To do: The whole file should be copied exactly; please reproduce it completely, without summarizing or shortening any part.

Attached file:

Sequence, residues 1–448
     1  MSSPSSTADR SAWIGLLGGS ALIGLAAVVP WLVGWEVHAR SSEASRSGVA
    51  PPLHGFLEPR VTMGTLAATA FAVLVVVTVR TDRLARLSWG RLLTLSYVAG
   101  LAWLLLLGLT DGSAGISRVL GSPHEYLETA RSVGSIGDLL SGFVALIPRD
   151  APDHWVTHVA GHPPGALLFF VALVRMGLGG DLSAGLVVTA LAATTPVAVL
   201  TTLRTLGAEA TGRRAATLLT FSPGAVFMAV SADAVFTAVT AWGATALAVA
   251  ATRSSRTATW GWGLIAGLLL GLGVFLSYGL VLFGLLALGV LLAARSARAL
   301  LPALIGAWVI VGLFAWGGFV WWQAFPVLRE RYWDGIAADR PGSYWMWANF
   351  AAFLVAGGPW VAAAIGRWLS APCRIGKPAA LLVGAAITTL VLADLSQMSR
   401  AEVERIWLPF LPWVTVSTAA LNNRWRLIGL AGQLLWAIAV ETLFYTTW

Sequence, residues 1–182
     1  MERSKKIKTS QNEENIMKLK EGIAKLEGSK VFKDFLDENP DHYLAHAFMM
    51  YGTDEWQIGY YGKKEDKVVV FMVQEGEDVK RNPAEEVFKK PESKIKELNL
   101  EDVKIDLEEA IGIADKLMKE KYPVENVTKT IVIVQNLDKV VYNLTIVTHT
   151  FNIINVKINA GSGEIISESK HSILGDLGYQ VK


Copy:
Sequence, residues 1–448
     1  MSSPSSTADR SAWIGLLGGS ALIGLAAVVP WLVGWEVHAR SSEASRSGVA
    51  PPLHGFLEPR VTMGTLAATA FAVLVVVTVR TDRLARLSWG RLLTLSYVAG
   101  LAWLLLLGLT DGSAGISRVL GSPHEYLETA RSVGSIGDLL SGFVALIPRD
   151  APDHWVTHVA GHPPGALLFF VALVRMGLGG DLSAGLVVTA LAATTPVAVL
   201  TTLRTLGAEA TGRRAATLLT FSPGAVFMAV SADAVFTAVT AWGATALAVA
   251  ATRSSRTATW GWGLIAGLLL GLGVFLSYGL VLFGLLALGV LLAARSARAL
   301  LPALIGAWVI VGLFAWGGFV WWQAFPVLRE RYWDGIAADR PGSYWMWANF
   351  AAFLVAGGPW VAAAIGRWLS APCRIGKPAA LLVGAAITTL VLADLSQMSR
   401  AEVERIWLPF LPWVTVSTAA LNNRWRLIGL AGQLLWAIAV ETLFYTTW

Sequence, residues 1–182
     1  MERSKKIKTS QNEENIMKLK EGIAKLEGSK VFKDFLDENP DHYLAHAFMM
    51  YGTDEWQIGY YGKKEDKVVV FMVQEGEDVK RNPAEEVFKK PESKIKELNL
   101  EDVKIDLEEA IGIADKLMKE KYPVENVTKT IVIVQNLDKV VYNLTIVTHT
   151  FNIINVKINA GSGEIISESK HSILGDLGYQ VK